Friday, September 9, 2016

The Church as Villain in Fiction

Philip Pullman probably did it best with the "His Dark Materials" series. Children were going missing in an alternative universe and no one knew where they were going. In this universe, people were attached to something called a "daemon." These are similar to a spirit. They were animals that were spiritually attached to children. Upon puberty they take their final form. The final form of the animal says a lot about a person's personality.

**Plot Spoiler for "The Golden Compass**

It turns out that the church was stealing these children and experimenting on way in which they could separate them from their Daemon. It was horrific. This process can be liked to a frontal lobotomy.

**Plot Spoiler Ended**

This type of experiment is non unlike a frontal lobotomy which reminds the reader of an asylum.

The church has changed over the years. It is no longer the organization that claimed the sun revolved around the earth and put scientists and philosophers on house arrest for publishing heretical documents. Now it embodies a popular progressive authoritarianism that calls for non-coercive one-world governing system.  They celebration the United Nations as an advancement towards peace but declared that it didn't do enough.  John XXIII: there is a
"need for a public authority, on the international level, with effective capacity to advance the universal common good; an authority which could not, the Pope immediately continued, be established by coercion but only by the consent of nations. Such a body would have to have as its fundamental objective the “recognition, respect, safeguarding, and promotion of the rights of the human person” (ibid., IV: l.c., 294). The Holy See.
The United Nations 1948 Universal Declaration of Human Rights was celebrated but such things "the right to food and drinkable water, to housing and security, to self-determination and independence" were not being realized. "Peace demands that this tension be speedily reduced and in time eliminated" (Pope John Paul II). The "right" to all of these things is where the emphasis is placed. On the surface this sounds like a good idea until we analyze which countries establish a "right" to these things, and which countries actually have these things.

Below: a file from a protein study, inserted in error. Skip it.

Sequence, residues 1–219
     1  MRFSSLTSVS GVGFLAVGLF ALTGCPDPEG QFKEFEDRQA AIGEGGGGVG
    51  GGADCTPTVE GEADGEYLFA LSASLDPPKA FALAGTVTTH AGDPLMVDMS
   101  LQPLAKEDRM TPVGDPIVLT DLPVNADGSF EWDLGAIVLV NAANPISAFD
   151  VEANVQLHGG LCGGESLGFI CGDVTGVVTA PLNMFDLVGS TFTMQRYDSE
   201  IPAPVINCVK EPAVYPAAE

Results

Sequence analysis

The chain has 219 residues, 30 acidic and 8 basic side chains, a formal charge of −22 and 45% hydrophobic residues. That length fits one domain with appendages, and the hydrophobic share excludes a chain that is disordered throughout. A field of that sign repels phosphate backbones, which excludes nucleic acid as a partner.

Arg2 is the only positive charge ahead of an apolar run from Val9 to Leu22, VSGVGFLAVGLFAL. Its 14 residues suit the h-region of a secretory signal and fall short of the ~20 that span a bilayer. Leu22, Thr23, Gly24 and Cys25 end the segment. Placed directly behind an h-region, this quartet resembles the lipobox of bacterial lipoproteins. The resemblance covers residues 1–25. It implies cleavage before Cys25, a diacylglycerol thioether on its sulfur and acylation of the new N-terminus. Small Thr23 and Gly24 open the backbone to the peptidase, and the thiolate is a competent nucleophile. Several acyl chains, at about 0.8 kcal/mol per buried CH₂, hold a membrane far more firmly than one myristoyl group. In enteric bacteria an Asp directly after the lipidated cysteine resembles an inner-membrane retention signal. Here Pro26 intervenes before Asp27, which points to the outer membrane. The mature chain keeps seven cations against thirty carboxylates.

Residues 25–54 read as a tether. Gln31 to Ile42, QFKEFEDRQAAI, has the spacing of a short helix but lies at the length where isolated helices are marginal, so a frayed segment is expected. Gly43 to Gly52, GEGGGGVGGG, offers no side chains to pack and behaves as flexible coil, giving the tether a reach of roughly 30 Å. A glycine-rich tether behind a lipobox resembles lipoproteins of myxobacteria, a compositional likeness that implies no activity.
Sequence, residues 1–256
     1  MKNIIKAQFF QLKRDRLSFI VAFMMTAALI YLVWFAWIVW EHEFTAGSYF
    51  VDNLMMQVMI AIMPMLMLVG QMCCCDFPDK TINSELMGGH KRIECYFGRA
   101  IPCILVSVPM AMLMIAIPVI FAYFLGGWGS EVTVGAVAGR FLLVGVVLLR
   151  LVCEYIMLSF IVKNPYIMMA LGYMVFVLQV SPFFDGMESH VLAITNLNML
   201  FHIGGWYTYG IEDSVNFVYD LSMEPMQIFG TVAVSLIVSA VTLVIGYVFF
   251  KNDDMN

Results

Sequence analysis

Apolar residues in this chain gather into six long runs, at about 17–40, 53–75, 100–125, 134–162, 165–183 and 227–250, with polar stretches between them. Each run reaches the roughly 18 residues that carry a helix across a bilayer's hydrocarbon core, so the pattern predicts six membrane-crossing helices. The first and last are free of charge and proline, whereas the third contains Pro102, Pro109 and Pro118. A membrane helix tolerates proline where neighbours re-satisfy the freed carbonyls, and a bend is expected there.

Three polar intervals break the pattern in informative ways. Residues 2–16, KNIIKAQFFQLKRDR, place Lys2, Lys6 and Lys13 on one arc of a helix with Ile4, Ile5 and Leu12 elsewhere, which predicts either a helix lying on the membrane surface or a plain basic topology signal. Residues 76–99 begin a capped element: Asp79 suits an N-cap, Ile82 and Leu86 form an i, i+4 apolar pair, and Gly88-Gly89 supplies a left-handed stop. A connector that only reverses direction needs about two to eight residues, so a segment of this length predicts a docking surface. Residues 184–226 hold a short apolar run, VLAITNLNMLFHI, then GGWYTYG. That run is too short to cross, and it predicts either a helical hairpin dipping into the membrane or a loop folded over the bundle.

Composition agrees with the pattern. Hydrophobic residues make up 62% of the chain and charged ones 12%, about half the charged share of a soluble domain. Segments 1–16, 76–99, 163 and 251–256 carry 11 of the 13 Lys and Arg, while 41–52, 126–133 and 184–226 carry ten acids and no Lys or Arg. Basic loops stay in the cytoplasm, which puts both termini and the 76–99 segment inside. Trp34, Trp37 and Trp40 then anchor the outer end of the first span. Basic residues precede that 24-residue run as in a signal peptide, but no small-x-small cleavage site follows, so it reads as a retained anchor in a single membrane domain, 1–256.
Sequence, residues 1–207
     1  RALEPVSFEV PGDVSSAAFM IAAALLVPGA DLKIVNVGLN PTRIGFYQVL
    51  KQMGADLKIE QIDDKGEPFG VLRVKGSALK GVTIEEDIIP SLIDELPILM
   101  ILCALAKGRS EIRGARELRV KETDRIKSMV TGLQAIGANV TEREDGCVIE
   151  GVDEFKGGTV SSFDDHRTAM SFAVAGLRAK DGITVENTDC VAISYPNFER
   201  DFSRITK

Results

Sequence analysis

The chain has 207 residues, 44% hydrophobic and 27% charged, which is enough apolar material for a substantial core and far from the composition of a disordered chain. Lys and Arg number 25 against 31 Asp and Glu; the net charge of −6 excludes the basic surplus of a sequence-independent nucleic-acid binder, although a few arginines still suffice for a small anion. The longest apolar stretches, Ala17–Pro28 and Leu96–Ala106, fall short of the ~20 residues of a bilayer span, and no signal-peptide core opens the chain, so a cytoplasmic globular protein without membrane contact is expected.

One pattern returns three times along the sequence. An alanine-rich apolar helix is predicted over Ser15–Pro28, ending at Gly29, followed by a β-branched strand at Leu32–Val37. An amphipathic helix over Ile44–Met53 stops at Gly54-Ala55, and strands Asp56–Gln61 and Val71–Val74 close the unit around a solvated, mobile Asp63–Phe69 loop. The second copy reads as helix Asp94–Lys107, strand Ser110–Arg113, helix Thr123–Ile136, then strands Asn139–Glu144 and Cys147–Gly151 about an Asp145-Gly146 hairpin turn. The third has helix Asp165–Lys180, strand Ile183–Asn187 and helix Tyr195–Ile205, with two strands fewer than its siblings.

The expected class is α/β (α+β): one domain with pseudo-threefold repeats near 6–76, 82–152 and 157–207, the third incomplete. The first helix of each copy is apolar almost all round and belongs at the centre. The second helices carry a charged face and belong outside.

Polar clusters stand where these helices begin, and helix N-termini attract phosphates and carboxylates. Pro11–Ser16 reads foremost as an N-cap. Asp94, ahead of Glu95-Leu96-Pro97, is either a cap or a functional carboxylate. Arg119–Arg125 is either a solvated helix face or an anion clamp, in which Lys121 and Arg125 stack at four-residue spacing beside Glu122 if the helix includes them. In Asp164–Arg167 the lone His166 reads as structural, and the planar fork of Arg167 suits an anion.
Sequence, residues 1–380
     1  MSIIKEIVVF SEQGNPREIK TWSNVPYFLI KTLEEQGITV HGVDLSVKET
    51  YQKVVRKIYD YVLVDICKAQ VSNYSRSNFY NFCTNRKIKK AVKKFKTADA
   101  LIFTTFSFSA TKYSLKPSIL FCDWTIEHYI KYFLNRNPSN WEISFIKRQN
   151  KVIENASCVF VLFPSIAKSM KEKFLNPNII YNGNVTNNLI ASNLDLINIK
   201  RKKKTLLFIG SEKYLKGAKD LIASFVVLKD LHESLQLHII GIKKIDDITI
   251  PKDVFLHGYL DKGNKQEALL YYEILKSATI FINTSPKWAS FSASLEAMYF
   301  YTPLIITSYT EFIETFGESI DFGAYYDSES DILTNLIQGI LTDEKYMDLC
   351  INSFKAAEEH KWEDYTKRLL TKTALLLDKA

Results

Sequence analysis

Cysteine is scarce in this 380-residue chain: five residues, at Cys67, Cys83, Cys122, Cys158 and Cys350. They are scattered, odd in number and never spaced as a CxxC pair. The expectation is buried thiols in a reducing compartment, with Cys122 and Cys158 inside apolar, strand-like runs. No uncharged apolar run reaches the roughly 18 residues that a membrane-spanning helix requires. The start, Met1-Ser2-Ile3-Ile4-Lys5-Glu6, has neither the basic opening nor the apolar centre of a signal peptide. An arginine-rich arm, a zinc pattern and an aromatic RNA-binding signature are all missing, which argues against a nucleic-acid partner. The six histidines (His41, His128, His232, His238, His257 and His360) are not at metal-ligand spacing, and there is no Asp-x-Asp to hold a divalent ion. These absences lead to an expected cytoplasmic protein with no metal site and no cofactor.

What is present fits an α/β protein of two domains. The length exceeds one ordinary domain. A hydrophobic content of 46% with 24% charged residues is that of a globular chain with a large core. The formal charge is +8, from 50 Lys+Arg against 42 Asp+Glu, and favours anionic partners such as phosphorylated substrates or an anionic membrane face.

All government action is coercive. There are certain scenarios where this type of coercion could be said to be "justified" because the good outweighs the bad. In one case the Vatican calls for jobs, not handouts. In another case the Pope calls for coercion to limit free expression and drugs.

The church no longer does the crazy stuff it used to but there is still enough fodder, economic ignorance, and good intentions with bad results within the church to make for some good fiction plot-lines.

I realize that not everyone sees things the way I do. Some people are very much in line with the new progressivism of the church because they don't see how good intentions lead to bad results. They find fault in big businesses and profit seeking for nearly everything while they see the only solution as being coercive government action (I'm being repetitious to make a point). Maybe the church doesn't perform exorcisms of frontal lobotomies on children, but it encourages the "right to food" that Venezuela took up in 1999:

In 1999, at the start of its process of social transformation known as the Bolivarian Revolution, Venezuela became among the world’s first countries to adopt a national policy of food sovereignty. Its newly reformed constitution guaranteed its citizens the right to food through a secure national food supply based on sustainable agriculture as a strategic framework for rural development, to be carried out through a series of laws, institutes, and programs.
How'd that turn out? Ending profit motive, the motive which guides people to produce the goods  and services for people in society who would willingly exchange their own goods and services for, kills an industry.

The evil of this type of progressivism is below the surface. It is an intellectual laziness that prescribes altruism as the solution tot he world's problems rather than a much better solution; the leveraging of self-interest with profit margins.

The church can still be the villain in literature but it is no longer to villain of simple-minded populist ethos. It is the villain of the thinking man: those who can link cause with effect.



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